In the Quilters' Book Club this month, we're reading Aunt Jane of Kentucky by Eliza Calvert Hall, written in 1898. If you have a Kindle or a Kindle app, you can get it from Amazon.com here. If you want to read it directly from your computer, you can do so here, courtesy of Project Gutenberg. It's a public domain book so is available free in either format.
This book consists of nine short stories. Each story is told by Aunt Jane in a humorous way that is full of wisdom. The sixth short story is called "The Baptising at Kittle Creek" and is only 28 pages long. This story is about conflict over religion in marriage and how a husband and wife resolve the differences between them. You'll have to read the story to see if a staunch Presbyterian accidently got baptisted as a Baptist!
If you'd like to make a quilt block to represent this portion of Aunt Jane of Kentucky, why not make the Honey's Choice block shown above? You can find the pattern here.
******We have three more winners for the give-away of the book Secret Santa, which includes a short story called "The Yellow Rose of Christmas" by Marie Bostwick - a favorite author of our book club. The winners are: Candy Soehren, Farm Quilter, and starandme. Congratulations to all of you! Please send your mailing address to firstname.lastname@example.org, and I will get your free book right out to you! Many thanks to Kensington Books for this wonderful give-away!******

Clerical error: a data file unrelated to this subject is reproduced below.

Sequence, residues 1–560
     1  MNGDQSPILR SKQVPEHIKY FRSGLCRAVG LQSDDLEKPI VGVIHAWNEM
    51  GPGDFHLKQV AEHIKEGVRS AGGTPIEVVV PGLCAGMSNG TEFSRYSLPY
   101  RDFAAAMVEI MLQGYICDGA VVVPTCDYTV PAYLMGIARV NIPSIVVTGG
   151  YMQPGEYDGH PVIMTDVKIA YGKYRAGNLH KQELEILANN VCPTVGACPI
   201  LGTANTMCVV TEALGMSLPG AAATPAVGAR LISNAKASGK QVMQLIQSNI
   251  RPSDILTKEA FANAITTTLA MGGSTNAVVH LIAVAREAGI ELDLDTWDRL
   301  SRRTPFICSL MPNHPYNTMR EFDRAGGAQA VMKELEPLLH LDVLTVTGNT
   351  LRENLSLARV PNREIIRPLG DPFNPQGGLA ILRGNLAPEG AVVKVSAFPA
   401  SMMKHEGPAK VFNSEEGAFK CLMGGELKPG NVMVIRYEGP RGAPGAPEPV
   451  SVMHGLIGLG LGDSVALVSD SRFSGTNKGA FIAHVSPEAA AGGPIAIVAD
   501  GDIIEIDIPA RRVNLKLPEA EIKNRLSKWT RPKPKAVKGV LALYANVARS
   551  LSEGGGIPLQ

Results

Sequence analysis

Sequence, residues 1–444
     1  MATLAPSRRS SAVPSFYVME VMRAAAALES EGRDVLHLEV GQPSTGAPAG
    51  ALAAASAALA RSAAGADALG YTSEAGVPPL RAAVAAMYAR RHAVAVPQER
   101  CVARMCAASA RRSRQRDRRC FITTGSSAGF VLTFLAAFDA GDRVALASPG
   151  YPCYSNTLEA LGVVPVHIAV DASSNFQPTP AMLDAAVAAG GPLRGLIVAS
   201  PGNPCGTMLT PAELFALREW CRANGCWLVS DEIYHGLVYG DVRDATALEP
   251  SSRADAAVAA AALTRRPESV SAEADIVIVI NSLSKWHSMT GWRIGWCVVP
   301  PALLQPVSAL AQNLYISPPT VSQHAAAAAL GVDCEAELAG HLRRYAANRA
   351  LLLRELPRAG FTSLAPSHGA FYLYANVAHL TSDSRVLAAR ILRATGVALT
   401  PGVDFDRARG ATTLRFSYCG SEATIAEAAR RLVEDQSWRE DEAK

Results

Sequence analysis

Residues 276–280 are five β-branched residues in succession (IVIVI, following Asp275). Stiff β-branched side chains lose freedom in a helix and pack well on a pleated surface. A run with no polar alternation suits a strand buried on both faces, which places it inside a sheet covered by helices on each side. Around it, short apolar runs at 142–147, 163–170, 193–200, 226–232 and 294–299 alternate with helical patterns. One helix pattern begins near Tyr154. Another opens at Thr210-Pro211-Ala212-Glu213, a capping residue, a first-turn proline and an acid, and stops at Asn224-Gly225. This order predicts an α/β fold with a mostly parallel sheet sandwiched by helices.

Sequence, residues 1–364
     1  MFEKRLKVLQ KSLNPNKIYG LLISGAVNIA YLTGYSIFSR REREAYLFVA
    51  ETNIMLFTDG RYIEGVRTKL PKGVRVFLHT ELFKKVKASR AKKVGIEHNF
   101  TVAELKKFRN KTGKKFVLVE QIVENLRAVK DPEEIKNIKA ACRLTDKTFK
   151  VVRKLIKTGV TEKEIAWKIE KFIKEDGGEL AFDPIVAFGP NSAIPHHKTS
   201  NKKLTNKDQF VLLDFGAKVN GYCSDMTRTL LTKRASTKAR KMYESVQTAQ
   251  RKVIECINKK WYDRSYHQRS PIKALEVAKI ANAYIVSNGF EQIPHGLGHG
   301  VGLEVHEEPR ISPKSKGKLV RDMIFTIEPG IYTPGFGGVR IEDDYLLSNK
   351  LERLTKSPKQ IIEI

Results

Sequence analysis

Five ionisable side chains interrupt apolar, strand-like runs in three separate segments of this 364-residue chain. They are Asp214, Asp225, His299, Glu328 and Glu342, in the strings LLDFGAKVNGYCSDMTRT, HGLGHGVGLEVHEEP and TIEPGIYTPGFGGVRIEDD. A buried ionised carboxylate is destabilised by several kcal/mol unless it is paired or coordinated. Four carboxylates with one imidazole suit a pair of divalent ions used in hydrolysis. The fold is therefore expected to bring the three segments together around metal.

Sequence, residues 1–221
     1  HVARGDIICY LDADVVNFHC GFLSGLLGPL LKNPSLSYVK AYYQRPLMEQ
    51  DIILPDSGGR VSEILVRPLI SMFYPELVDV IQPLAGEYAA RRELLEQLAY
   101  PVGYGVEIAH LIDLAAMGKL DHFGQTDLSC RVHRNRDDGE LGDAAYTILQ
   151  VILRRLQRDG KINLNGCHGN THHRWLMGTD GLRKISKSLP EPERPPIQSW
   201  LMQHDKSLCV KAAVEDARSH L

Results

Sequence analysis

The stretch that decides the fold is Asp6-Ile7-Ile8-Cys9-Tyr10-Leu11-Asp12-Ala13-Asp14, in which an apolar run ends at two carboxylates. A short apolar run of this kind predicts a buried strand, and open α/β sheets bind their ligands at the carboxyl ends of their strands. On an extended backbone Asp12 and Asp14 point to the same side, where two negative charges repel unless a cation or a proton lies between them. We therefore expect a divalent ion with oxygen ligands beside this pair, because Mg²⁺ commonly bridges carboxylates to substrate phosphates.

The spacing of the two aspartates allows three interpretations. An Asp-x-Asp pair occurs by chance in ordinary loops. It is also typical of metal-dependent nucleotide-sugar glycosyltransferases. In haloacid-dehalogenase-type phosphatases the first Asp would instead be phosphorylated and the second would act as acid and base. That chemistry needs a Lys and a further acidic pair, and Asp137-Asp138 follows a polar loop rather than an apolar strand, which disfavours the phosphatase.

In December, the book selection for the Quilters' Book Club is The Christmas Quilt: an Elm Creek Novel by Jennifer Chiaverini. It's realistic fiction set in Pennsylvania and perfect for this time of year! Get it now from your library or local bookstore and join us in reading and discussing this book.
Aunt Jane is always knitting as she tells her stories. Do you enjoy knitting or some other craft besides quilting? Inquiring minds want to know! Please reply in the comments sections below for a chance to win a copy of Jennifer Chiaverini's just-released book, An Elm Creek Quilts Companion, courtesy of Plume Books. If you are reading this via email, you must click on the title of my blog post to be able to comment and read the comments of others.
You might also enjoy reading my previous blog post here.